Lara eventually finds powerful new tools like a grenade launcher and fire arrows, and uses the salvage she constantly collects to improve her weapons, so combat offers more flexibility and becomes more intense as you progress through the game. Throughout it all, great sound design drives home the impact of your actions; delivering a shotgun blast into the face of a nearby enemy is made all the more powerful by the resounding report the gun lets loose, and the conversations you overhear between cultists create a feeling that they're not just enemies who spawn into the environment to hinder you, but are people with histories on the island and tasks to accomplish.
As great as the combat is, it's the quieter moments in Tomb Raider that are most affecting. The simple act of moving, of shimmying along ridges and climbing up craggy rock walls, is a pleasure, thanks to the excellent controls and the fantastic environments. Once in a while, Lara appears to get a bit of divine assistance and float through the air to successfully land a jump you botched the timing on, but with these rare exceptions aside, the controls let you experience a wonderfully physical and agile relationship with your surroundings.
Lara's been making desperate leaps and grabbing on to faraway ledges since her earliest game, but it's never felt quite as good as it does here. And just as Lara acquires new weapons over the course of the game, she also gets her hands on gear that makes her more a more versatile adventurer. Particularly nifty are the rope arrows and rope ascender, the former of which enables you to create rope bridges to certain areas (among other things), and the latter of which lets you rapidly zip up ropes from a lower position. This gear gives you more freedom, and makes Lara seem like a progressively more capable and confident explorer.
The game is at its best when you're fully in control, when you feel directly connected to Lara as she runs and leaps and clambers. But when the game does take some of that control away from you, it usually does so with skill and assurance. A number of semi-interactive scripted moments require less from you as a player, moments when the building Lara is standing on starts to crumble in spectacular fashion, or when she's being swept down a perilous river. What these sequences lack in interactivity, they make up for in spectacle. There are a few missteps; the quick-time-event-focused final confrontation ends the game on a slightly underwhelming note, for instance. But for the most part, these moments bring Tomb Raider a lot of cinematic thrills. When it comes to jaw-dropping setpieces, Lara's adventure rivals those of Indiana Jones and Nathan Drake.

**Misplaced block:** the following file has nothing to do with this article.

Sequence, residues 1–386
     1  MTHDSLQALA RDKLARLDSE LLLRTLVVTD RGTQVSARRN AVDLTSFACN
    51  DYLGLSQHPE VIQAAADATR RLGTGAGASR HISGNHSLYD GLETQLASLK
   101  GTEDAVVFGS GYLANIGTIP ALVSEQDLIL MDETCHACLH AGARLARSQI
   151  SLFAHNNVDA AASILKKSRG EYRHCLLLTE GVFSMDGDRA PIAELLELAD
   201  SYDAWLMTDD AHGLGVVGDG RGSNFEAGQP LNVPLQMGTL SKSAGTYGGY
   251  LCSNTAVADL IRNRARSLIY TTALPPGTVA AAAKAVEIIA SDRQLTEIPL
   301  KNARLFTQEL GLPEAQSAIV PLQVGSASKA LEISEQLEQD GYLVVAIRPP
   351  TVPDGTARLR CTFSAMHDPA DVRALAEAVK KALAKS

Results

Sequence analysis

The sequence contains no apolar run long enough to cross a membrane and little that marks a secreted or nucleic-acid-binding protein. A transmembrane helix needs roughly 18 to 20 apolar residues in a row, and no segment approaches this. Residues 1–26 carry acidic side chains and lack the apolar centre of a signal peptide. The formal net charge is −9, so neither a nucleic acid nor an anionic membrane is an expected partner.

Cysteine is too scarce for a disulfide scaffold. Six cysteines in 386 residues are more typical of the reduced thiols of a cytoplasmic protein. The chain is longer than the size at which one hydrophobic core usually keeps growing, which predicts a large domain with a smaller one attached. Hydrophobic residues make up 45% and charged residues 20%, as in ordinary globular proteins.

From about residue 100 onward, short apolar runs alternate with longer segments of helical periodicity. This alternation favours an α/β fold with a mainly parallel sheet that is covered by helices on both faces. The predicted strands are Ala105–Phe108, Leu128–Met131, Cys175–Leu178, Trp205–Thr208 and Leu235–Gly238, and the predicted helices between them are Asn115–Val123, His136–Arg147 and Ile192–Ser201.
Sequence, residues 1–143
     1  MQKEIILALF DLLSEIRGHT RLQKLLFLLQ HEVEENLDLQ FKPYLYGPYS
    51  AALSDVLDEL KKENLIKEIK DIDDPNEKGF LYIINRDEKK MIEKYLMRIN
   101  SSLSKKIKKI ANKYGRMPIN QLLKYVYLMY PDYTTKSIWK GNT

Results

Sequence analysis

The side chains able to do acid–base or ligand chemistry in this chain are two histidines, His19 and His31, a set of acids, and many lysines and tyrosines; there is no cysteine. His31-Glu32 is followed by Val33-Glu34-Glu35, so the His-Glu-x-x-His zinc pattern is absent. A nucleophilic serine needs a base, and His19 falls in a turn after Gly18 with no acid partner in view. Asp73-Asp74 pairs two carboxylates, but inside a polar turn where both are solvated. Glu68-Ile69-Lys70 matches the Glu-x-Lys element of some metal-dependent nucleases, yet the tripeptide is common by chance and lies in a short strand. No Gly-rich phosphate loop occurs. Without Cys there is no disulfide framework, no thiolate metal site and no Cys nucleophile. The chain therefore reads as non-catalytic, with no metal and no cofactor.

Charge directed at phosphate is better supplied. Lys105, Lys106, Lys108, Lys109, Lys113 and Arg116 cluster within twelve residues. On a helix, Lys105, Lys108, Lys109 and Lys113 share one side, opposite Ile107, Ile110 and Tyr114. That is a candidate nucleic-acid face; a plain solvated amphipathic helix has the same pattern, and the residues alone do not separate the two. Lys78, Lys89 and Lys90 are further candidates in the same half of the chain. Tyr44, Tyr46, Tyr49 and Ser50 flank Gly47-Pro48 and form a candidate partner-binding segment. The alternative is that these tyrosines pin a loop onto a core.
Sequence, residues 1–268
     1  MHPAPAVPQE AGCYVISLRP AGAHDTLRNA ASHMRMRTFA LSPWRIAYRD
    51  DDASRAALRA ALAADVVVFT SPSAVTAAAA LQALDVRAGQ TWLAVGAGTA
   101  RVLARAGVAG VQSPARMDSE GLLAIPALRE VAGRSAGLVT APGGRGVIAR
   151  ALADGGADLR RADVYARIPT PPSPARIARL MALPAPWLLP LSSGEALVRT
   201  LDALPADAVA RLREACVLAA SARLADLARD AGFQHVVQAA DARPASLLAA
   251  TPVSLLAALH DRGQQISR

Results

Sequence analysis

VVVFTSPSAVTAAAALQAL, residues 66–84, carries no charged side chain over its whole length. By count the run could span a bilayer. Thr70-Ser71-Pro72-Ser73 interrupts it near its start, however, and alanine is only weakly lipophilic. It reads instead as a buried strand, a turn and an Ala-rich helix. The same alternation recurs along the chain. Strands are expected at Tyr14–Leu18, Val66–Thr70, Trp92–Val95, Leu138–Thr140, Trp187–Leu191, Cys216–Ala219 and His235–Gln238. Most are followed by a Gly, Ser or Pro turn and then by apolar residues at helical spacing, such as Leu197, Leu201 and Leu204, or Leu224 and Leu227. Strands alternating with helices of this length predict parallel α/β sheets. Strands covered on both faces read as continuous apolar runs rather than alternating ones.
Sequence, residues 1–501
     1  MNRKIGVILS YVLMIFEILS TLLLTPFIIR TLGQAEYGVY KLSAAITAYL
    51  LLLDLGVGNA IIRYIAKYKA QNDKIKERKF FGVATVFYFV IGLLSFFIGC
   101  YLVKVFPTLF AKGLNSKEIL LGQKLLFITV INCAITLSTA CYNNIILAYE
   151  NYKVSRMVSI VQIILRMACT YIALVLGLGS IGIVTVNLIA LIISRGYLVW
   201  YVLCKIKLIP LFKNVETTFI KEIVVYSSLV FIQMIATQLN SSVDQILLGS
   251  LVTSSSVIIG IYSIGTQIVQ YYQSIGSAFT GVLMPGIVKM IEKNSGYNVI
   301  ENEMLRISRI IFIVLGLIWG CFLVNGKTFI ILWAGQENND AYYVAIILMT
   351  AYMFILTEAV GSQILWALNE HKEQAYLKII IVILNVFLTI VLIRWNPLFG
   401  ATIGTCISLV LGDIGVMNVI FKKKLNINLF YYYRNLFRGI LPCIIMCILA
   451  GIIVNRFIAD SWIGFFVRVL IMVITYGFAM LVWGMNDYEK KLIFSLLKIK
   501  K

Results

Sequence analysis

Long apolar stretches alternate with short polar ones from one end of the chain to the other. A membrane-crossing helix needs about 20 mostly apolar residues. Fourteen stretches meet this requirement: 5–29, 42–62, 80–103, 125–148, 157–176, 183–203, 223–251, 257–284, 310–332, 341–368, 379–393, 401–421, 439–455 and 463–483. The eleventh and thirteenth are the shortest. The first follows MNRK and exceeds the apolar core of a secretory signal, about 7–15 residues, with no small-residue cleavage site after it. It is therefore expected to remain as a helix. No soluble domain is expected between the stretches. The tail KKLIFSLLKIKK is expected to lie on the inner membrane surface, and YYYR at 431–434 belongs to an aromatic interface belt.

Lara is still an explorer at heart, and although there aren't vast open spaces to frolic in on the island, there are plenty of reasons to look around and venture off the beaten path. There are relics to find that offer clues to the island's history and journals that lend some insight into the experiences of the island's residents, past and present. Best of all are the numerous optional tombs you might happen upon during your journey. These chambers always consist of an environmental puzzle that you must solve, and these are generally just challenging enough to make you stop and think for a moment, but never drag down the pace of your adventure. Completing tombs earns you experience and sometimes parts you can use to improve your weapons, as well as maps that reveal the locations of the collectibles scattered around that part of the island. These tombs also function as character building through gameplay; as you guide Lara through these challenges to the rewards that await, it's easy to understand how she develops a taste for the tomb raiding and treasure hunting that will shape her future.
In addition to the excellent campaign, there's an enjoyable but unremarkable competitive multiplayer component. There are four modes, all of which are pretty typical: a team deathmatch and a free for all, as well as two modes in which teams score points by completing basic objectives. It feels great to land a headshot on another player with a bow from across a map, or to activate a snare trap and then see another player heedlessly walk into it. But for the most part, it's standard fare, with the sorts of unlockable weapon upgrades and perks that are now par for the course.
But no matter; the single-player campaign here is the main attraction, and it is excellent. It doesn't try to rewrite the book on third-person action adventure games. But with its excellent controls, engaging heroine, thrilling combat, and fascinating setting, it doesn't need to. Lara may be covering some previously charted territory here, but Tomb Raider is so well-crafted, you won't mind at all.